• not sure if it accounts for folks like your or not. i’m guessing some people even leave their computers — and facebook — up and online all the time.

      thanks for the wishes. and a happy thanksgiving to you and your family, as well… friend. [you don’t raise your own turkeys, do you? that may be in my future.]

      • No, we don’t have turkeys, and we probably wouldn’t have the nerves required to actually slaughter them if we did. We don’t mind eating dead animals, or even burying them, or even killing them, but killing ones that we raise might be a bit tough.

        Although Trav has gotten pretty mad at various chickens for being mean to other chickens and threatened to kill them…

        • i think understanding that death is necessary for life is a truth (a biblical one at that) we miss out on these days in suburban america.

          and when “we” do realize it, many of us become vegetarians or vegans. that, apparently, is the answer… or is a way to avoid having to deal with it over and over again — something i think is important in understanding sacrifice and life.

          • Our household is pretty cool with death as part of animal ownership; we lost 21 chickens to a dog, we’ve had fish die, we had to put a cat to sleep, etc. The kids adapt pretty well. Trav, however, has said (at some points) that he wants to be a veteranarian (how the HECK do you spell that???) and he is a huge animal “fan”. They are his friends, even though he still wants to go deer hunting, etc. He’s caught, helped kill, and prepared a lot of fish, so I think he’s pretty well balanced. Appreciates animals as beautiful and wonderful while they are alive but doesn’t get “unhealthy” with the fact that they have to die. He wouldn’t eat chicken for a couple days after the 21 were killed, but he’s recovered very well and Chicken McNuggets are no longer safe from him…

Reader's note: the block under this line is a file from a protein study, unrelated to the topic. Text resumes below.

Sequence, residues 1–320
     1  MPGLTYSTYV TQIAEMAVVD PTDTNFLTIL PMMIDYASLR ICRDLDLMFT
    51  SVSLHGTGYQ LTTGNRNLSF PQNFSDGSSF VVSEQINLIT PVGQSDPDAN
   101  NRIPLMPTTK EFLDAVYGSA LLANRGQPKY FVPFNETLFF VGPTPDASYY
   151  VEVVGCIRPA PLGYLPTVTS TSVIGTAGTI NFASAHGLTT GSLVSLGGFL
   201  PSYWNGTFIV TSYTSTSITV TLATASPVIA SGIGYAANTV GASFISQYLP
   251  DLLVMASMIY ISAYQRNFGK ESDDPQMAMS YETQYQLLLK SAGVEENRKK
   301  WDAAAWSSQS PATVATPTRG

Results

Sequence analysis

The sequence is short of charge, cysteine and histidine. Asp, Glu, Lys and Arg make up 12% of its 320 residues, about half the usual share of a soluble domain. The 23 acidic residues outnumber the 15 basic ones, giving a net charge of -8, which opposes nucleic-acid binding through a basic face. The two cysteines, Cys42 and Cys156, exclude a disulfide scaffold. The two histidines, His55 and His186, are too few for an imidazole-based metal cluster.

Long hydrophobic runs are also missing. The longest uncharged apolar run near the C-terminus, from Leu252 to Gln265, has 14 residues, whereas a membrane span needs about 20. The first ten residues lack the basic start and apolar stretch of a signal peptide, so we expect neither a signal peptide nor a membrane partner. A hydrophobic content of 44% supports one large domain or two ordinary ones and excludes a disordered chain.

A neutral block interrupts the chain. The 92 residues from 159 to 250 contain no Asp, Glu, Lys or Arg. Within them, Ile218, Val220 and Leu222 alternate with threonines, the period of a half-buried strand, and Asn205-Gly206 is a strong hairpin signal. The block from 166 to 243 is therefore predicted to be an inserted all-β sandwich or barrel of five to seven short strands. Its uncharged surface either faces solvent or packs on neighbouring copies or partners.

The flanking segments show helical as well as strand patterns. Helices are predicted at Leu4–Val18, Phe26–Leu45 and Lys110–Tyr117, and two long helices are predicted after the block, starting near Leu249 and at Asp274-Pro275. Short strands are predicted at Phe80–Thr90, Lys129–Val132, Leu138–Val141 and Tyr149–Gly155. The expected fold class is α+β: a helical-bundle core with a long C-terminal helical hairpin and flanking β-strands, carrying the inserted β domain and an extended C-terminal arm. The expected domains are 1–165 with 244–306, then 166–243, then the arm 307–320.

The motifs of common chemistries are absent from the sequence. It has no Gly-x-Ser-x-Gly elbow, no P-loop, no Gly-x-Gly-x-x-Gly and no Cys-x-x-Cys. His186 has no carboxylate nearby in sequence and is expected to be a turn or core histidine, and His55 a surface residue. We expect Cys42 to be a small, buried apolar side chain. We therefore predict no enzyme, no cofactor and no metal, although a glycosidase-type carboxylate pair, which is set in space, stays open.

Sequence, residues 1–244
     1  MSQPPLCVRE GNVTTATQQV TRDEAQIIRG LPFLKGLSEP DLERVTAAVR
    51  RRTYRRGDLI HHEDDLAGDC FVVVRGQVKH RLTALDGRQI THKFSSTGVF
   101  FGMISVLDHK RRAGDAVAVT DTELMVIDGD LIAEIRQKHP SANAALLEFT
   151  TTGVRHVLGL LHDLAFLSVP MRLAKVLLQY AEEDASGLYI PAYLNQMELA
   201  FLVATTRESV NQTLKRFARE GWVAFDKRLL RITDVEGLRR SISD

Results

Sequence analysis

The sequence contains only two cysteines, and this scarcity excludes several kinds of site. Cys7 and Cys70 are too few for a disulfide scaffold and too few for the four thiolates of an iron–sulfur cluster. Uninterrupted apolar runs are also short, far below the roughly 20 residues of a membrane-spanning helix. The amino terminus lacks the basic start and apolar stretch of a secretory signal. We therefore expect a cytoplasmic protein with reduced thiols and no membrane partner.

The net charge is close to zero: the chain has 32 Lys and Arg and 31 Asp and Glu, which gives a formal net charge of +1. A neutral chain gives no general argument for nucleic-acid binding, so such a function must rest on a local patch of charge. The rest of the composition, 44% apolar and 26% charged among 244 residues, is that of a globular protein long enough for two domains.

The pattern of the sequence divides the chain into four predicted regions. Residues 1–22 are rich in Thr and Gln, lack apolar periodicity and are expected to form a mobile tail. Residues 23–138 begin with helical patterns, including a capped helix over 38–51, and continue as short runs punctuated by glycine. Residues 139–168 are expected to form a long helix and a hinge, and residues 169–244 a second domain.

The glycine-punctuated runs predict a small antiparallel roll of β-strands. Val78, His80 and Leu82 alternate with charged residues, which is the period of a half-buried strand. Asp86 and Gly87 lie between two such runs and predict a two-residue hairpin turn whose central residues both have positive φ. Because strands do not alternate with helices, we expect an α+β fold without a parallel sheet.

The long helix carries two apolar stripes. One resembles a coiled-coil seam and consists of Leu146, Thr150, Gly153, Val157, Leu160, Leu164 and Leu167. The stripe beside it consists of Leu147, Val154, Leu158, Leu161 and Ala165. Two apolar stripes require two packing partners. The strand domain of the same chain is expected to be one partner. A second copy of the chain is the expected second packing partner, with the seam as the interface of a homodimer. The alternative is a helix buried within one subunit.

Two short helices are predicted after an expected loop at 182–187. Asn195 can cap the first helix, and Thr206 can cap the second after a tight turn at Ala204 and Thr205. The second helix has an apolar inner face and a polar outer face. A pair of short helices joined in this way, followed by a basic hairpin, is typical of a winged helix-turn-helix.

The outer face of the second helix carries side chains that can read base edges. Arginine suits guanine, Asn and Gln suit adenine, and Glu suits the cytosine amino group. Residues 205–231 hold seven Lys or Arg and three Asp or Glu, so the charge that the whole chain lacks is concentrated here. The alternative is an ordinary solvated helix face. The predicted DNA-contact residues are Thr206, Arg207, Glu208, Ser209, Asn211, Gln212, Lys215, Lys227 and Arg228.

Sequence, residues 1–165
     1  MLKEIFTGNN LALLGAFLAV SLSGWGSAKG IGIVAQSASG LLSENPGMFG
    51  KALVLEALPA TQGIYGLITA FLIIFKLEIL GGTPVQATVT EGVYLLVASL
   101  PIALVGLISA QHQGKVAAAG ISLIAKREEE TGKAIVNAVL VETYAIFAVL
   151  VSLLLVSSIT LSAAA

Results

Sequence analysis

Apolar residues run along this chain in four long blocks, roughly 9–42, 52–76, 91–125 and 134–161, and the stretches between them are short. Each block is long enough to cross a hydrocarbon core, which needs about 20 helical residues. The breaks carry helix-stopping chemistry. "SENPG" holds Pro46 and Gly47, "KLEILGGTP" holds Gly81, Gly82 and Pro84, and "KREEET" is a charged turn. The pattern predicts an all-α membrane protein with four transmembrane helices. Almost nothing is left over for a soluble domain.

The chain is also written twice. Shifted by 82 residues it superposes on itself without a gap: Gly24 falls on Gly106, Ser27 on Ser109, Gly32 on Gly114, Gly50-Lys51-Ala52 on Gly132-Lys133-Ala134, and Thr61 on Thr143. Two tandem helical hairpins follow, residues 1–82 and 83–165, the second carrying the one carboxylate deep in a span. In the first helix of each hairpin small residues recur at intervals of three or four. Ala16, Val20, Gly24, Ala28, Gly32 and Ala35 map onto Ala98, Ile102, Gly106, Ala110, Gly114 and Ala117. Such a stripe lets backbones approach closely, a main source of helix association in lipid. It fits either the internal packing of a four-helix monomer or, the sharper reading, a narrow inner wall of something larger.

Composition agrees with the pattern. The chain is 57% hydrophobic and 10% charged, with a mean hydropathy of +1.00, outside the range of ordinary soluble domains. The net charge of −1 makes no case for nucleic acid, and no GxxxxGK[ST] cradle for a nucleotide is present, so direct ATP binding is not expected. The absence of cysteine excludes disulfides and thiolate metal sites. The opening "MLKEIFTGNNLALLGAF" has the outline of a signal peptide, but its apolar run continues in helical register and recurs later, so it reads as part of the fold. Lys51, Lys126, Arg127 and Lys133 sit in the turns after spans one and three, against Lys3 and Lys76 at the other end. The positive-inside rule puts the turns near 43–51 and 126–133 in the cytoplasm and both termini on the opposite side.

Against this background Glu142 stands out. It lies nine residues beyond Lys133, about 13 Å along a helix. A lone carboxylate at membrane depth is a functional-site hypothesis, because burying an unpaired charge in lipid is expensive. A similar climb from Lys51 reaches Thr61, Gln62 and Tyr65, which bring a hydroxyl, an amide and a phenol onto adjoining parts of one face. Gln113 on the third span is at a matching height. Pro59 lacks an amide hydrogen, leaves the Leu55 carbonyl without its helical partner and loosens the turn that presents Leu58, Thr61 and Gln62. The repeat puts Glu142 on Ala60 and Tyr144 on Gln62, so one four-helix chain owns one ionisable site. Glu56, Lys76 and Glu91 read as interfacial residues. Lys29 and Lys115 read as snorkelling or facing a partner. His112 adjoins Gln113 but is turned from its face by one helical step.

2. David Robinson

    -Dude, we’re both much taller than our wives.

    -I was just on facebook (for 18,000 lifetimes) b4 coming to your site.

    -I think you need to farm up some strong catan competition for yourself there. Addictions never die my friend. My playing has been down a bit, I must say. I think those adventurous daddy lovin’ daughters of ours must have something to do with it.

    -I remember reading about that bee keeper a few weeks ago. It’s nice to still live near a few rednecks.

    • yeah, i’m way taller than both of our wives. so are you. we do have height.

      i definitely think having a kid has cut into my catan time. but so has life just taking longer. i’m more tired at the ends of my days here…

  3. Brett,
    love the blog.
    thank you for doing what WE ARE ALL CALLED TO DO>

    to be MISSIONALLY MINDED.

    Maybe we are not all called to go to Tanzania, or Tibet or Turkey…
    But, we are as Christians, called to go!
    There is a mission field in our own backyards… suburbs and towns….
    I pray that I can set the example to those around me and not just criticize them or the church for not doing a better job with this message.
    What am I doing? That is what I try to ask myself.
    Prayers to you and yours.
    Chrissy